Financial reports that understate fund-raising and administrative expenses, thus inflating the share of proceeds spent on services, are a major problem, charity regulators say.
Another much-criticized practice involves local United Ways, including the Los Angeles area United Way, and other federated fund-raising organizations making grants to themselves, counting the grant money as services and reducing reported administrative expenses. Some foundations also obscure their operating costs by making grants to themselves.
Some charities, trying to cast themselves as desperate for donations, deliberately overstate liabilities and understate net worth in their financial reports.
Many charities segregate reserves of cash from their operating budget to understate their financial health, apparently in hopes of getting more money from a sympathetic the public.
One of the most controversial practices among some charities that rely on direct-mail solicitations for donations is to identify part of the cost of these appeals as services to the public rather than as a fund-raising expense. This is done by arguing that the brochures and flyers about the organization that are stuffed into the fund-raising envelope are "public education" and thus not fund raising.
The National Assn. of State Charity Officials is pressing for uniform financial reporting standards for tax-exempt organizations to alleviate these problems. The organization is composed of state attorneys general and secretaries of state, who are the principal source of charity regulation in America.
As part of this drive, the Financial Accounting Standards Board, a tax-exempt organization whose decisions are accepted by the federal government as the equivalent of law, just completed a four-year project to define nonprofit accounting terms. Ron Bossio, the project manager, said he will soon propose a project to begin developing financial accounting standards for nonprofits.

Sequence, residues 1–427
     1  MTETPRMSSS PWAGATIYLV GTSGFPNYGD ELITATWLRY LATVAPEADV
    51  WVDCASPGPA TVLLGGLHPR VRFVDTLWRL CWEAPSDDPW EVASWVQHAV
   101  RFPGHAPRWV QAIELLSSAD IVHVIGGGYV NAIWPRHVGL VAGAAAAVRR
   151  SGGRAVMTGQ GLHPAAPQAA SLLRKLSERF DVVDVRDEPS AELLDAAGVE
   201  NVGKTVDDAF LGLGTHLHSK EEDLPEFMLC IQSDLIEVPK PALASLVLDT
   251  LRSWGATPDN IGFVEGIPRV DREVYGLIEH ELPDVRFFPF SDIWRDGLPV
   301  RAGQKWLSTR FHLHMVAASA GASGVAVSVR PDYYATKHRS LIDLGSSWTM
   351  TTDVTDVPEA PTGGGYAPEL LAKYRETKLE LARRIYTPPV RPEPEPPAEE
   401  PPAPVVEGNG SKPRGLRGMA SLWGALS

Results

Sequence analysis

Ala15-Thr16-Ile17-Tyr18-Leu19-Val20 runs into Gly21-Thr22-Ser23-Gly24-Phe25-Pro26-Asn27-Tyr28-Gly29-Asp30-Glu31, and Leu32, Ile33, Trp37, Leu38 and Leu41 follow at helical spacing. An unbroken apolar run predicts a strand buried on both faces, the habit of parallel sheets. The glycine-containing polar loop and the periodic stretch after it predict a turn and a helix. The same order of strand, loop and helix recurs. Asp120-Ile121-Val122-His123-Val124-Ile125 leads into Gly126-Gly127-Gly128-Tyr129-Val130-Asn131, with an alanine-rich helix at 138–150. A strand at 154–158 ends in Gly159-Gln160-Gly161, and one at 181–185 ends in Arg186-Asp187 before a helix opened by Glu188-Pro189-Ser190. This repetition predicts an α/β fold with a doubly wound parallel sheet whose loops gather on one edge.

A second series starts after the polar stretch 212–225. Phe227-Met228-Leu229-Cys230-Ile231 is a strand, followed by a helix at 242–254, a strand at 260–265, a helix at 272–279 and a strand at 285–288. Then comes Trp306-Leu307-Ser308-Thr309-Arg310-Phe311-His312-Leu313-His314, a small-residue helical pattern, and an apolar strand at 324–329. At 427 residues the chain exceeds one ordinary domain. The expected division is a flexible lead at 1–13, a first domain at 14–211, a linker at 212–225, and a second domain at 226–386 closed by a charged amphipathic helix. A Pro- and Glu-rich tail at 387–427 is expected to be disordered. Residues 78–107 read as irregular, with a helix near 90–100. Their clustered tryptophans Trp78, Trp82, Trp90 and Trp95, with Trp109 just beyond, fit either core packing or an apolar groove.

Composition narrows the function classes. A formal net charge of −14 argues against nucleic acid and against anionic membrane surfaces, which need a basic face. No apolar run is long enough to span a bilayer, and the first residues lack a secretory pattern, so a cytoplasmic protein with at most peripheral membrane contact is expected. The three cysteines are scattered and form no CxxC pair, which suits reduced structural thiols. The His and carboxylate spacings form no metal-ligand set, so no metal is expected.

But years will pass before comprehensive standards are issued, Bossio indicated.
Meanwhile, charity regulators say the existence of four different books of standards from the American Institute of Certified Public Accountants, a separate book for United Way agencies and a sixth tome known as the "black book," plus many specialized guides for various types of charities, makes it difficult to identify the bad apples in the charity barrel.
Picking and Choosing
"Because there are several different sets of standards, even an honest charity can decide to use whichever set of reporting standards serves its interests," said Robert O. Bothwell, executive director of the National Committee for Responsive Philanthropy.
"Improper and incorrect reports are probably the major problem we have," said Campbell, whose office keeps files on 46,000 tax-exempt organizations operating in California. Charities with more than $25,000 income or assets must file a state tax return each year; smaller ones every 10 years.
"We reject about 20% of the reports filed with us," Campbell said, adding: "We should reject more, but because of limited staff we only reject the worst--where they don't even fill out important sections of the report like the balance sheet or the revenue section.
"The report preparers lack the skill or interest to fill out the reports properly. They are often volunteers in the organization who are weak in accounting skills and don't understand the basics in accounting and bookkeeping.
"Then you have those reports that, just looking at the numbers, appear to be complete but when you look at them in detail you find the balance sheet doesn't balance," Campbell said.
Enforcement in L.A.
Robert Burns, general manager of the city Social Services Department, which regulates charities in Los Angeles, said he believes the city provides tough enforcement of charities because of its broad auditing powers. But, Burns said, he shares concerns about the lack of standards in nonprofit accounting practices.
"I would look anybody in the eye--a board member of a charity or a corporate head--and say read my lips: You are responsible for the flow of money through this system and the accurate and timely reporting of those monies."
Burns said he wants to see more programs to train trustees of charitable organizations about their fiduciary obligations.
The Clearinghouse for Volunteer Accounting Services in Los Angeles holds workshops on nonprofit accounting. It also maintains a bank of accountants who want to do volunteer work with nonprofits, although these volunteers do not do audits, according to Steve Nett, the executive director.
The Clearinghouse, which was formed at the behest of the state Board of Accountancy and is partially funded by it to encourage pro bono services by accountants, expects to assist 500 nonprofit organizations statewide in its current fiscal year.